The lack of transparency surrounding decisions on which vaccines should be used in the UK must not continue. An urgent reform of the processes used to inform recommendations of vaccines by the Joint Committee on Vaccination and Immunisation (JCVI) is required to make it clear how decisions have been reached.
The JCVI, an independent expert committee, makes recommendations to the Department of Health (DH) on vaccines and the UK immunisation schedule. The JCVI operates in a different way to the National Institute for Health and Care Excellence (NICE), which is responsible for evaluating all other health technologies, including drugs, medicines, medical devices and other public health interventions.
The JCVI’s set of evaluative processes and procedures should be brought in line with the NICE model for health technology appraisal (HTA), which is widely recognised as an international benchmark, particularly for the level of transparency involved. This is exemplified by the creation of NICE International – the consulting wing of NICE that provides advice to other international HTA bodies – and other international equivalents that follow a similar model, such as the Swedish TLV and French Commission Ã‰valuation Ã‰conomique et de SantÃ© Publique (CEESP).
Although the JCVI essentially adheres to the same cost-effectiveness rules as NICE, the mechanisms for reaching JCVI decisions are markedly different and decidedly less transparent. Transparency – an area the Cabinet Office has prioritised through various directives (for example, its Open Data Strategy) – is important, especially as the NHS Constitution specifically requires that JCVI recommendations are based on demonstrable evidence of cost-effectiveness (i.e. a cost per quality-adjusted life year (QALY) below the NHS threshold of £20,000 to £30,000).
Being open about how decisions are reached is fundamental to achieving public confidence in JCVI recommendations. Moreover, the appropriateness of current methods for determining cost-effectiveness cannot be sensibly understood without due consideration of the process involved.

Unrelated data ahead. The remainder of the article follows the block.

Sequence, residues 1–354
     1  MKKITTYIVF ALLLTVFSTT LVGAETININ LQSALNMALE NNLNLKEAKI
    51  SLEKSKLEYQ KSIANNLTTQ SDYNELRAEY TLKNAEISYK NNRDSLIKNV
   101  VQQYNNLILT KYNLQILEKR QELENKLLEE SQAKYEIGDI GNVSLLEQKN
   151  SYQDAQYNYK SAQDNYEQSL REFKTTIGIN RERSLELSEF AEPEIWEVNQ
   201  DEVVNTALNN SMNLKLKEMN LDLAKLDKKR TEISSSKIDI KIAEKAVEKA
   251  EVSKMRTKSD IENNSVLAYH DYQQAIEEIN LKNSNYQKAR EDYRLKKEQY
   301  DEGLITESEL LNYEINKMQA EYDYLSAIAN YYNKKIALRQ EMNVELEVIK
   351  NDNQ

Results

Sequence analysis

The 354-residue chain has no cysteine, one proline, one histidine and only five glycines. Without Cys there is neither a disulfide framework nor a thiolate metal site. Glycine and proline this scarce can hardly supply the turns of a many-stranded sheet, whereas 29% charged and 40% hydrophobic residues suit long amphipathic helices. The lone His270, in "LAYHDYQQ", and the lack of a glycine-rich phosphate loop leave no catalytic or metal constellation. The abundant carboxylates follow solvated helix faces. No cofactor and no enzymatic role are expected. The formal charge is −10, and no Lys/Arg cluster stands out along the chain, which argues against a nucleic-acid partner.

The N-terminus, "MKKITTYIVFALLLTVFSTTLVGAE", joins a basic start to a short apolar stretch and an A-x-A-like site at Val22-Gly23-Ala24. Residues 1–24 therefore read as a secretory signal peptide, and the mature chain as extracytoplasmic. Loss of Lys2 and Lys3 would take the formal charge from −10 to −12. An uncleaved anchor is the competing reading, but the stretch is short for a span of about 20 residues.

Earlier in 2014, the JCVI recommended that the meningitis B vaccine, Bexsero, be added to the childhood immunisation schedule. This was not without controversy, since it was a reversal of a JCVI decision made a few months before. The committee initially rejected Bexsero on the grounds that it was not cost-effective, but this was reversed following a substantial review of cost-effectiveness assumptions.
Although it is positive to see an effective vaccine finally being recommended, the Bexsero decision is a case study in the JCVI process. The committee acknowledged in its minutes that important data were not originally reviewed and there was a lack of formal stakeholder engagement. It remains unclear how the JCVI adjusted the QALYs gained resulting from vaccination with Bexsero.
Another example of sub-optimal JCVI processes concerns the ongoing decision not to recommend the human papillomavirus (HPV) vaccine, Gardasil, for boys. Gardasil is currently given to girls aged 12-13 years to protect against cervical cancer and genital warts. In addition, evidence suggests a link between HPV and penile, anal, and head and neck cancers.
Although a JCVI subgroup is now looking at these issues, the committee’s existing position is based on a model that largely overlooks this broader burden of disease and it is arguably an unrealistic high estimate of herd immunity (indirect protection) resulting from routine vaccination of girls. Regardless, the original cost-effectiveness model has never been fully published, which makes it difficult to assess the robustness of this analysis.
A world of difference
Despite the JCVI declaring a commitment to follow “NICE-like processes” in its code of practice, its processes differ substantially.
Barring emergencies, JCVI meetings occur three times a year and are held in private, whereas NICE appraisals are held regularly and in public following a consultative approach that includes stakeholder representations from manufacturers, clinicians and patient groups. The JCVI publishes minutes following its meetings that summarise key decisions and recommendations, in contrast to NICE, which publishes full appraisal reports including accompanying documentation to justify HTA decisions. Stakeholder engagement lacks the full scoping phases of NICE with a comparatively rudimentary approach to product horizon scanning (treatments likely to become available to the NHS that may have significant implications for clinical practice, service design and finance) regarding new vaccines coming on to the market. In the case of NICE, horizon scanning is an extensive and formal process involving manufacturers at early stages of product licensing. Although the JCVI has recently introduced a ‘Call for evidence’ framework to gather data and selective presentations at sub-committee meetings, it is unclear whether submitted evidence is used in decision-making, raising questions about the comprehensiveness and application of evaluated data.